Professor Doron Bar, tells how Herzl, originally buried in Vienna, came to be buried in Israel, the country he never lived to see. As we mark this momentous anniversary learn more about the phenomenon of bringing devout Zionists “home” to be reburied.
Theodor Herzl died on July 3, 1904, and was buried in Vienna. He wrote in his will that he should be buried next to his father in Vienna “until the day when the Jewish people transfer my remains to Palestine”. His wish was fulfilled 70 years ago, when he was reburied on Mount Herzl on August 17, 1949. This month, in lieu of a responsum, I am republishing my article “Moses and Herzl” which originally appeared in Conservative Judaism 47/1 (Fall 1994), pp. 39-49 and in revised form in my book Insight Israel: The View from Schechter, second series, Jerusalem, 2006, pp. 151-166. Yehi zikhro barukh! May Herzl’s vision and memory continue to inspire us! DG
At the Bethlehem Exhibit Leor in Tel Aviv Grady alludes to the city of Bethlehem mentioned in the book of Ruth by means of a photograph of the city.
As Israel celebrates its 71st birthday, some of Schechter’s faculty share what “Israeliness” means to them. May Israel go from strength to strength!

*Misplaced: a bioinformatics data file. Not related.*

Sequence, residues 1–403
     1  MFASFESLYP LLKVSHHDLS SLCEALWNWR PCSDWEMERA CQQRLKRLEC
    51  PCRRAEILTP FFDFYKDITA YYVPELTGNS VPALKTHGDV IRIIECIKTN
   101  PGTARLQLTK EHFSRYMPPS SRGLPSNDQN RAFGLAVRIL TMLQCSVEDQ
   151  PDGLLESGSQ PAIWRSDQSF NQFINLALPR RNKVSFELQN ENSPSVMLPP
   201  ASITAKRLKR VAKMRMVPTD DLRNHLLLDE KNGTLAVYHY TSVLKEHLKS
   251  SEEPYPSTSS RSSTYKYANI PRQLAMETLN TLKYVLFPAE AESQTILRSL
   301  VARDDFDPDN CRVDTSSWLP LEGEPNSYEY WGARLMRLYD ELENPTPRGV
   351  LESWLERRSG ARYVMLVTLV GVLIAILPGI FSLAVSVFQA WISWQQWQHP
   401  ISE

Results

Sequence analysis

On March 27th, 2019, The Second Annual Conference on the State of Israel and the Jews of North America was held at the Schechter Institute of Jewish Studies in Jerusalem. The conference was co-sponsored by Schechter and JTS.
The purpose of the trip was to learn about Jewish education in the Diaspora in order to broaden their perspectives on issues of Jewish identity in the State of Israel. I didn’t realize then that the choice to begin my visit specifically here would be a defining moment which would accompany me throughout the week.
One Saturday night in November, 1995, I was making havdala with JTS rabbinical students spending a year in Israel Matt Berkowitz, Matt Eisenfeld z”l and Shai Held in their apartment in Rehavia. The calmness of the evening broke down when an urgent announcement of the tragic and unexpected murder of then Prime Minister Yitzhak Rabin was made on the radio.
From an a capella concert of traditional Moroccan love songs to a Iranian jazz fusion evening, cutting-edge Israeli musicians have brought to the Neve Schechter’s stage a renewed take on their heritage.
In August 1949, Theodore Herzl’s remains were moved from Vienna to the newly established State of Israel. Professor Doron Bar, President of the Schechter Institute of Jewish Studies, tells the story of how Jerusalem was given the honor of reinterring Herzl and how all of Israel paid tribute to the founder of Zionism by sending small bags of dirt from their communities around the country to be included in the grave. How else was Herzl honored?
Sunday, the 28th of Iyyar, marks the 51st anniversary of Jerusalem’s unification. Professor Doron Bar, President of the Schechter Institute of Jewish Studies, and a 7th generation Jerusalemite, tells the story of Jerusalem’s changing population through the lens of his family history. How has Israel’s largest city evolved from a a small group living within the Old City walls to an expansive metropolis?